Salomon Jadassohn – a Late Romantic Rediscovered

Salomon Jadassohn is better known as a teacher than a composer. While at the Leipzig Conservatory he taught Edward Grieg, Ferruccio Busoni, and Frederick Delius, just to name a few. As a composer, he completed over 140 compositions.

This release features his four Serenades for Orchestra, along with his first symphony and first piano concerto.

According to the liner notes, Jadassohn “was acknowledged to be a master of counterpoint and harmony, but he was also a gifted melodist in the tradition of Mendelssohn. His works show too the influence of Wagner and Liszt, whose music deeply impressed him.”

After listening to these works, I can agree with some — but not all — of those assertions. Jadasssohn studied with Franz Liszt, and that influence can be heard in his 1887 piano concerto. But the Symphony No. 1 in C major seems to owe more to Schumann and Weber than Wagner. It’s a nicely constructed work, with plenty of engaging melodic motifs.

The Serenades are lighter works, and I think they’re the most successful of the selections. These are light, breezy pieces that revel in their flowing melodies. It’s easy to hear Mendelssohn in these, especially in the Second Serenade.

The First Serenade, a set of four canons, displays Jadassohn’s mastery of counterpoint. Some music historians have characterized Jadassohn’s music as dry and academic. I didn’t find that the case, even in these contrapuntal gems.

My only complaint with the release is the release itself. This reissue was cobbled together from some earlier albums, and sometimes the seams show. The Piano Concerto is a live recording, with a sound quality that’s inferior to the other tracks.

The Serenades were all recorded with the Malta Philharmonic Orchestra in the same venue, though with different conductors — Michael Laus and Marius Stravinsky. Stravinsky conducts a different ensemble — the Belarussian State Symphony Orchestra — in the performance of the Symphony No.1. I found these differences in the sound from piece to piece a little distracting.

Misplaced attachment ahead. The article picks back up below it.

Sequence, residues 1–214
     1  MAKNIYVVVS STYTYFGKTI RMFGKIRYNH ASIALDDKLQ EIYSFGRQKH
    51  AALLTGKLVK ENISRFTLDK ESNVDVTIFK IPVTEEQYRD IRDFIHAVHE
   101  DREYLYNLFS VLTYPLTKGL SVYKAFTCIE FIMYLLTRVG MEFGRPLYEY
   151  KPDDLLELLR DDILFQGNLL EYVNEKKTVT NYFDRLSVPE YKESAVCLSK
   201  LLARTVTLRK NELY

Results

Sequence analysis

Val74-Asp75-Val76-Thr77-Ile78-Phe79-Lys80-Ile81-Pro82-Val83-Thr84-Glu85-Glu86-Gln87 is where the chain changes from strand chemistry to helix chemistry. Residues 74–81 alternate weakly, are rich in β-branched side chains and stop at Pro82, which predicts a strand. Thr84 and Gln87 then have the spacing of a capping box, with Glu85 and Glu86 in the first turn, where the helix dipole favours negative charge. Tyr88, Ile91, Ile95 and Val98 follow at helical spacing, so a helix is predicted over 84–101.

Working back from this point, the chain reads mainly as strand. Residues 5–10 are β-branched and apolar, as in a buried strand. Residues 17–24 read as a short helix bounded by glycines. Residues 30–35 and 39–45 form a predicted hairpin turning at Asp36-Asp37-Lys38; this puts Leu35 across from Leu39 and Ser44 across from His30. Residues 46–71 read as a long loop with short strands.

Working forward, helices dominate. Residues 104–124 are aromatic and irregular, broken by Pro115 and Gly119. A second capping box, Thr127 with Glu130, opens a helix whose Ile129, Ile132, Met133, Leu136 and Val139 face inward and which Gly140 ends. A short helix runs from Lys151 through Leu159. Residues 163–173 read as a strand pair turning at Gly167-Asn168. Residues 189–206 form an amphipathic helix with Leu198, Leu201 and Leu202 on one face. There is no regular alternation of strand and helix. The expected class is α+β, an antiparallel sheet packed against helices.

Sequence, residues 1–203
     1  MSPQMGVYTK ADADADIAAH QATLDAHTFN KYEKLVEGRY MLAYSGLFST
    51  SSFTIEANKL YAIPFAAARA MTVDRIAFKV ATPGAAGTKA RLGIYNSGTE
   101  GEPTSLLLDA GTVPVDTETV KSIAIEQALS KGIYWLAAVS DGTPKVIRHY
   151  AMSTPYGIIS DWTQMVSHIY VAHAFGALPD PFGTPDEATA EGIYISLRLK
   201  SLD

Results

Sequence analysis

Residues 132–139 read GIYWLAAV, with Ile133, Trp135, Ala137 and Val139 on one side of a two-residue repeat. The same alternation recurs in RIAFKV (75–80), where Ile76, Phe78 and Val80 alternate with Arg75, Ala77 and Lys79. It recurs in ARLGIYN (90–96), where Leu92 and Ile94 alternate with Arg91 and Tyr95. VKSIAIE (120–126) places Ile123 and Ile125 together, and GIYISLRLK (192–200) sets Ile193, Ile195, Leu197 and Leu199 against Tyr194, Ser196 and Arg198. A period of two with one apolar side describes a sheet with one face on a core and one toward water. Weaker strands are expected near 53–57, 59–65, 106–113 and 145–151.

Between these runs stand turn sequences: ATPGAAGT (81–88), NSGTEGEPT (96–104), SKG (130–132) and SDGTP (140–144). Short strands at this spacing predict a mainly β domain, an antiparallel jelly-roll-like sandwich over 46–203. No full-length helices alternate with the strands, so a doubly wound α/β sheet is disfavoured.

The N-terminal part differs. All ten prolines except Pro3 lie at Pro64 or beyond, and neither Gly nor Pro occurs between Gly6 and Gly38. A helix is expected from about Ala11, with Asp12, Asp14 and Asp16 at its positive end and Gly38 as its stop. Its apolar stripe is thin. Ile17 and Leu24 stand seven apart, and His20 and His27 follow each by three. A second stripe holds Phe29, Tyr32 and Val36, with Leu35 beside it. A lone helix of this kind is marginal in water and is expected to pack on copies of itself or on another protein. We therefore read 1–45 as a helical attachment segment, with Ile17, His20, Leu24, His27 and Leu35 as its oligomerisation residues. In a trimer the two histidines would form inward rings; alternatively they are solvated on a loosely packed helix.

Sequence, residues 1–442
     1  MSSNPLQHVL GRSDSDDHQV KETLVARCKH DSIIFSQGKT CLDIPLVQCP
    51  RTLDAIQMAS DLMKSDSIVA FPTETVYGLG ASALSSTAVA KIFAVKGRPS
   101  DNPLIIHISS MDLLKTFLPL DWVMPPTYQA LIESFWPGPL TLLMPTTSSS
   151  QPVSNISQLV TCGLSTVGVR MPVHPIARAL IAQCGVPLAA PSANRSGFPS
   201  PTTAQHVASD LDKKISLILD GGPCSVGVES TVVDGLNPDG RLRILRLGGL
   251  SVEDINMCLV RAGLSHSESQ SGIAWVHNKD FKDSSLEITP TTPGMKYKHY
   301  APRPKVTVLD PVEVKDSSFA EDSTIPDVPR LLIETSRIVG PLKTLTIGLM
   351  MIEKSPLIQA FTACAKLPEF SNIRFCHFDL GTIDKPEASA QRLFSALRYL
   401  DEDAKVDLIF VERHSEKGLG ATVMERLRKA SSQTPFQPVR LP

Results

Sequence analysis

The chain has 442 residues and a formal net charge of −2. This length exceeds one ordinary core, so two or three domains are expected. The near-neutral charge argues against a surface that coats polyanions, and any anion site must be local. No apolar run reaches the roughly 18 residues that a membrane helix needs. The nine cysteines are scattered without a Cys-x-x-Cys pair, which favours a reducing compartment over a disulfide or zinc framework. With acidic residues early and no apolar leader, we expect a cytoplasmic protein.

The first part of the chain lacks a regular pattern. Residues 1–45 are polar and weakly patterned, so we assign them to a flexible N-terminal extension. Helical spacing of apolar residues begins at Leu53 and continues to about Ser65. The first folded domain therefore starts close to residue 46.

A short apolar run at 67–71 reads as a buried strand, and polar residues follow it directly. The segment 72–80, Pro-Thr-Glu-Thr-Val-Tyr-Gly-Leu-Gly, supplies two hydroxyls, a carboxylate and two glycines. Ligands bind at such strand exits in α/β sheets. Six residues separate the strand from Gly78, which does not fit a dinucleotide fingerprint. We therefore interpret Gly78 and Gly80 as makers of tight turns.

Still, this mid-priced compilation is worth the investment. This is well-written music that can provide hours of enjoyment. Brahms, Wagner, and Liszt were the giants of their age, and Jadassohn stood behind them. But he still was tall enough to peek over their shoulders.

Salomon Jadassohn: Orchestral Works
Symphony No. 1 in C major, Op. 24 – Belarussian State Symphony Orchestra; Marius
Stravinsky, conductor
Serenade for flute and strings Op. 80 – Rebecca Hall, flute; Malta Philharmonic
Orchestra; Michael Laus, conductor
Serenade No. 2 in D Op. 46 – Malta Philharmonic Orchestra; Marius Stravinsky,
conductor
Serenade No. 3 in A major, Op. 47 – Malta Philharmonic Orchestra; Michael Laus,
conductor
Serenade No. 1 in 4 Canons, Op. 42 – Malta Philharmonic Orchestra; Marius
Stravinsky, conductor
Piano Concerto No. 1 in C minor Op. 89 – Valentina Seferinova, piano; Karelia
State Symphony Orchestra; Denis Vlasenko, conductor
Cameo Classics CC9101
2 CD Set

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